Top 5 Angel Investor Hacks

By Rafe Furst, Crowdfunder Co-Founder

I recently published a comprehensive guide for entrepreneurs called Hacking the Startup Fundraising Matrix. This is based on my 20 years of experience as a fundraising entrepreneur and as an angel investor myself. Here I’m going to share my favorite hacks for evaluating a deal as an angel investor*.

#5 Percent of Fundraising Goal Remaining

Do other people like the company and the deal terms? Can the company set and achieve goals? Will the company have enough capital to operate for the next phase of their life? These are all things you can learn at a glance by seeing how close to 100% they are on their fundraising goal.

Be careful to not let the round get away from you without at least making a reservation. It is easy for a deal to get hot and close quickly so don’t make the mistake of taking too long to invest.

Quick Tip: Crowdfunder lets you sort deals by Percent Raised.

#4 Valuation Relative to Upside

I have a different view than most angel investors and early stage VCs on this one. Rather than focus on stage or growth metrics and try to optimize for getting in at a “good” valuation, I focus on my upside as an angel investor.

I ask myself whether it is possible to get 1,000 times return on my investment given the valuation I am being asked to invest at. Thus if the current valuation is $5 Million then I need to believe the company could exit at $5 Billion or more. If the deal is a convertible note or SAFE then assume the valuation is the cap.

Generally speaking, VCs and professional angel investors will be looking for seed rounds valued pre-money at $6 Million or less and Series A at $12 Million or less. Which means that many of them pass on the ones that go on to the biggest exits. Famously, many passed on AirBnB early on, including at least one who could not see how big the potential was.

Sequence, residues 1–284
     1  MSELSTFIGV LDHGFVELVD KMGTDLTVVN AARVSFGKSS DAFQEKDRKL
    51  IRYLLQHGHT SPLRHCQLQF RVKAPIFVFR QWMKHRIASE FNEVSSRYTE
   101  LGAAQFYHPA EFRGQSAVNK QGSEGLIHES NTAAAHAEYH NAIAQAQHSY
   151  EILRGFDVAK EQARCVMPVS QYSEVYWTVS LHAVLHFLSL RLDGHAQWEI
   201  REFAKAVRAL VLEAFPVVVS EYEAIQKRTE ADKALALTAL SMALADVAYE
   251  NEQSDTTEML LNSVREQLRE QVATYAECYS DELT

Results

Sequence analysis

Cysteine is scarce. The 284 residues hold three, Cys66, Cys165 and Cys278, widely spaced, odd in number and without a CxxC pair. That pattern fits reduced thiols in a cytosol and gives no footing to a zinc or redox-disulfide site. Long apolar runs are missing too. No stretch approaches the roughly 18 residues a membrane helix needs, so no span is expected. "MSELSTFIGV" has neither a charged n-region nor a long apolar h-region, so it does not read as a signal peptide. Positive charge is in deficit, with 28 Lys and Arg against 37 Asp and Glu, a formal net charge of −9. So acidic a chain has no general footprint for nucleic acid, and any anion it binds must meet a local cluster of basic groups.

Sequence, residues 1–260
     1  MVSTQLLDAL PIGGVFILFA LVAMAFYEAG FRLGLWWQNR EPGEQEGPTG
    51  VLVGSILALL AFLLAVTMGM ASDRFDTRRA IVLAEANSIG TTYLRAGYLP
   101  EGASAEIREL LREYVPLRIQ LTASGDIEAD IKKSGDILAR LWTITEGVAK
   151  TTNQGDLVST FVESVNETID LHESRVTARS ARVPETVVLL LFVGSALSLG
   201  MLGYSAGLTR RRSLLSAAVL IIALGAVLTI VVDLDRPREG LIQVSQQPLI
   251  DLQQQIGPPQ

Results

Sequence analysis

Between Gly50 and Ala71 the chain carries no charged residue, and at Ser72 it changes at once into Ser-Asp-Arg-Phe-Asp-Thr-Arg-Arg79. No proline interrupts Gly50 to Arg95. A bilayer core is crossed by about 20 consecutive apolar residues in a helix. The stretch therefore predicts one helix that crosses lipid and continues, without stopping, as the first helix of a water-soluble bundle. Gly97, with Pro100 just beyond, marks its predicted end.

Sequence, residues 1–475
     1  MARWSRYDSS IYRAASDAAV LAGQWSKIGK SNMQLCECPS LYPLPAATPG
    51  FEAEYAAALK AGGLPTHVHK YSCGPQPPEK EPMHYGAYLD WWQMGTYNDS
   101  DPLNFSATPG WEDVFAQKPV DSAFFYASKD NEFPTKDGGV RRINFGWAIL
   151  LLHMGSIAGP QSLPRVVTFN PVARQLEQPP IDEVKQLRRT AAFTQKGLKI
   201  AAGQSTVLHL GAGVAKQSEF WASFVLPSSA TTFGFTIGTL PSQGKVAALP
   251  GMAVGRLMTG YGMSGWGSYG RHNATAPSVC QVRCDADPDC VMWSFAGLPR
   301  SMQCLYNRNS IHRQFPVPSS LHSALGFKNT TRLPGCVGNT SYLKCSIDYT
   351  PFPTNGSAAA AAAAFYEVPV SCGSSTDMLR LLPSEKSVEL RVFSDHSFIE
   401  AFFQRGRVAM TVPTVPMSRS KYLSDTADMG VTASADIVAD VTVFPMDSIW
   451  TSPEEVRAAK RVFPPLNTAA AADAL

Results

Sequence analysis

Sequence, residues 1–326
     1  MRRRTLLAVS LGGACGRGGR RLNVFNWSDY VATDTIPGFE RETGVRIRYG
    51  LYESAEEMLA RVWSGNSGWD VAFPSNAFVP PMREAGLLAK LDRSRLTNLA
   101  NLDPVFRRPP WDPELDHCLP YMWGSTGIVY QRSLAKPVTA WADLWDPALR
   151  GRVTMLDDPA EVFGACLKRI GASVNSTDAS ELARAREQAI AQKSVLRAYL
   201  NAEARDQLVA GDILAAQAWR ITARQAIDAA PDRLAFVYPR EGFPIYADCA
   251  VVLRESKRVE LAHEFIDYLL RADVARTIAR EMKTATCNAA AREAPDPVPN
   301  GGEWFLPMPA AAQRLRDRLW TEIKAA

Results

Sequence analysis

Quick Tip: Look for businesses with network effects on user/customer acquisition.

#3 Simple, Clear, Compelling Online Pitch

If their investor pitch on Crowdfunder isn’t simple, clear and compelling, how do you expect the company to attract customers, employees and angel investors?

Quick Tip: If you are not hooked in 60 seconds to learn more, pass.

#2 Lead Investor Quality

Crowdfunder made 50 investments in the last half of 2015, with a target of 300 in 2016, and 1,000 more in 2017… all without doing any direct diligence or negotiating terms. Our secret is that we believe in the power of our crowd, which includes some of the top VCs and angel investors in the world. We wait for them to do the heavy lifting and then we follow on at their same terms. Then we bring these same deals to you on Crowdfunder.

While the data shows that Andreessen Horowitz and Sequoia are no better than you or I at picking winners at the seed stage, they are better at diligence, negotiation, and most importantly business connections and later stage funding support. Thus, we know that any deal they bring us is not only worth funding, but they’ve also negotiated the best terms possible. Just make sure you are getting the same terms as the lead VC or angel investor, or if not, that you are comfortable with the differences.